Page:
U.S. Senator Chris Murphy, Press Release, February 12, 2019
U.S. Senator Chris Murphy (D-Conn.), applauded passage of his Lower Farmington River and Salmon Brook Wild and Scenic River Act, which will create a U.S. National Park Service protective designation for the Lower Farmington River and Salmon Brook, in the U.S. Senate on Thursday. With the protective designation as a “Wild and Scenic river,” the Lower Farmington River and Salmon Brook could receive as much as $100,000 in federal funding to assist volunteers and officials with conservation efforts. The river runs through ten towns: Avon, Bloomfield, Burlington, Canton, East Granby, Farmington, Granby, Hartland, Simsbury, and Windsor. The upper portion of the river was given protected status in 1994.
“This is a big win for Connecticut and a testament to good old fashioned Yankee persistence. I got to work on this bill as soon I got to Congress. Protecting the upper Farmington River and Salmon Brook with the ‘Wild & Scenic’ designation will unlock federal funds to help our conservation efforts. I want to make sure our children and grandchildren have access to clean water and recreation along the river for years to come,” said Murphy. “We couldn’t have gotten here today without all of the partners—Senator Blumenthal, Congressman Larson, former Congresswoman Esty, and all of the local residents who have advocated for this protection for years. I especially want to thank my predecessor in the House, Nancy Johnson, who began the work to designate and protect Farmington River. I’m looking forward to seeing this bill get over the finish line.”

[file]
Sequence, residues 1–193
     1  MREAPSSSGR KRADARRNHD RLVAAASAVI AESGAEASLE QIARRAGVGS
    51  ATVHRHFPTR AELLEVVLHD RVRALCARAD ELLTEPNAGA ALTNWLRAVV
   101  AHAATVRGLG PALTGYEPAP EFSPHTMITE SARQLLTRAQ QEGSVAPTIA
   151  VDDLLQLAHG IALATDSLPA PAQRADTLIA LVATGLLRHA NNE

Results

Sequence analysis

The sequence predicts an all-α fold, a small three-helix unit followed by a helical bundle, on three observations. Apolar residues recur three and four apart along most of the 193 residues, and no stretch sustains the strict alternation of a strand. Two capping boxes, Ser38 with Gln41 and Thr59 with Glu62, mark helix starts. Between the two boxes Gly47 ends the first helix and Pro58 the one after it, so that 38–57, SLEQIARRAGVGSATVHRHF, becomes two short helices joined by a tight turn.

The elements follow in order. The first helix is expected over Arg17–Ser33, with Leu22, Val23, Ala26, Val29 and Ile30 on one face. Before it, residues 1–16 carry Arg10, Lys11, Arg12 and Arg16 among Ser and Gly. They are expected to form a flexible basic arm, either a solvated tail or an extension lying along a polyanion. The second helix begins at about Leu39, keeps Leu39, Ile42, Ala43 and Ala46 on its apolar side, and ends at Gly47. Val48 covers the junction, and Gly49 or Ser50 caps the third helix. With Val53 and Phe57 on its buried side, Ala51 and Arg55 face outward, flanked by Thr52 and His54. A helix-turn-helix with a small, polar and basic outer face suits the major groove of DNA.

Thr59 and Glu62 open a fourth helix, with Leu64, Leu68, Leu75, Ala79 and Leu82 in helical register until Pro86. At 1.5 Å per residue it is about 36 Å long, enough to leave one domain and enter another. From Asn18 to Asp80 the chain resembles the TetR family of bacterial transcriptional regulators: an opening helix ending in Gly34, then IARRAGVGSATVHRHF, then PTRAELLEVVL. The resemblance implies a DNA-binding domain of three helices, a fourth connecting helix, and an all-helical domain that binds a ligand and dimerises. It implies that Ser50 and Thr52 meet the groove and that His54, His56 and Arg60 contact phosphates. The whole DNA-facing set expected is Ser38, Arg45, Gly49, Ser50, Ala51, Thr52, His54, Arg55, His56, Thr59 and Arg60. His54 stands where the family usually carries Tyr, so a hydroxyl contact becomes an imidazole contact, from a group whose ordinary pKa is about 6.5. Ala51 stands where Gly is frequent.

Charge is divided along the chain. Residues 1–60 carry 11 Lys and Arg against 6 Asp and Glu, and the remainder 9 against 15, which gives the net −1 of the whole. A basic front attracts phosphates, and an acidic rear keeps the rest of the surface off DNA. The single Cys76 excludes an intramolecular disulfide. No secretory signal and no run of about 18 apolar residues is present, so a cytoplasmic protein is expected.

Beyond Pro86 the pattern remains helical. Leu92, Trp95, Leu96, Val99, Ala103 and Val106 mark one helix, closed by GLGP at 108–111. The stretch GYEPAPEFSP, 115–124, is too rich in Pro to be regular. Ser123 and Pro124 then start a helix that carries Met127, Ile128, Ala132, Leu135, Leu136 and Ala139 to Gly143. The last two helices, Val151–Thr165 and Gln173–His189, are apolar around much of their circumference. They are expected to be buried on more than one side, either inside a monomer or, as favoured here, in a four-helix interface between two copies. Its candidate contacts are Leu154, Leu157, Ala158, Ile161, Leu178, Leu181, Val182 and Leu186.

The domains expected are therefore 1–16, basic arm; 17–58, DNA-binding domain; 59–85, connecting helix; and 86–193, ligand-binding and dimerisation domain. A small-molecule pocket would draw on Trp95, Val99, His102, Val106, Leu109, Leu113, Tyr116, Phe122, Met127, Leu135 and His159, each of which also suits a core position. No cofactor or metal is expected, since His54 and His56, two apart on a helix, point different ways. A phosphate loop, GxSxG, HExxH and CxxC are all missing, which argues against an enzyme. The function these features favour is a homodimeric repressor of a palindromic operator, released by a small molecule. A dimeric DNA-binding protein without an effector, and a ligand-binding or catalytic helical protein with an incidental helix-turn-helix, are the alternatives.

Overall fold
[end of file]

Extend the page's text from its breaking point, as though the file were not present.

Murphy first introduced the Lower Farmington River and Salmon Brook Wild and Scenic River Act as a member of the U.S. House of Representatives with then-Senator Joe Lieberman. The Senate previously passed the bill in 2016, but it did not pass in the U.S. House of Representatives.
The U.S. Senate also passed Wood-Pawcatuck Watershed Wild and Scenic River Act, introduced by U.S. Senator Jack Reed (D-R.I.) and cosponsored by Murphy. The bill designates segments of the 300-square mile Wood-Pawcatuck Watershed, which includes rivers that cross North Stonington, Sterling, Stonington, and Voluntown, under the Wild and Scenic Rivers Act as well.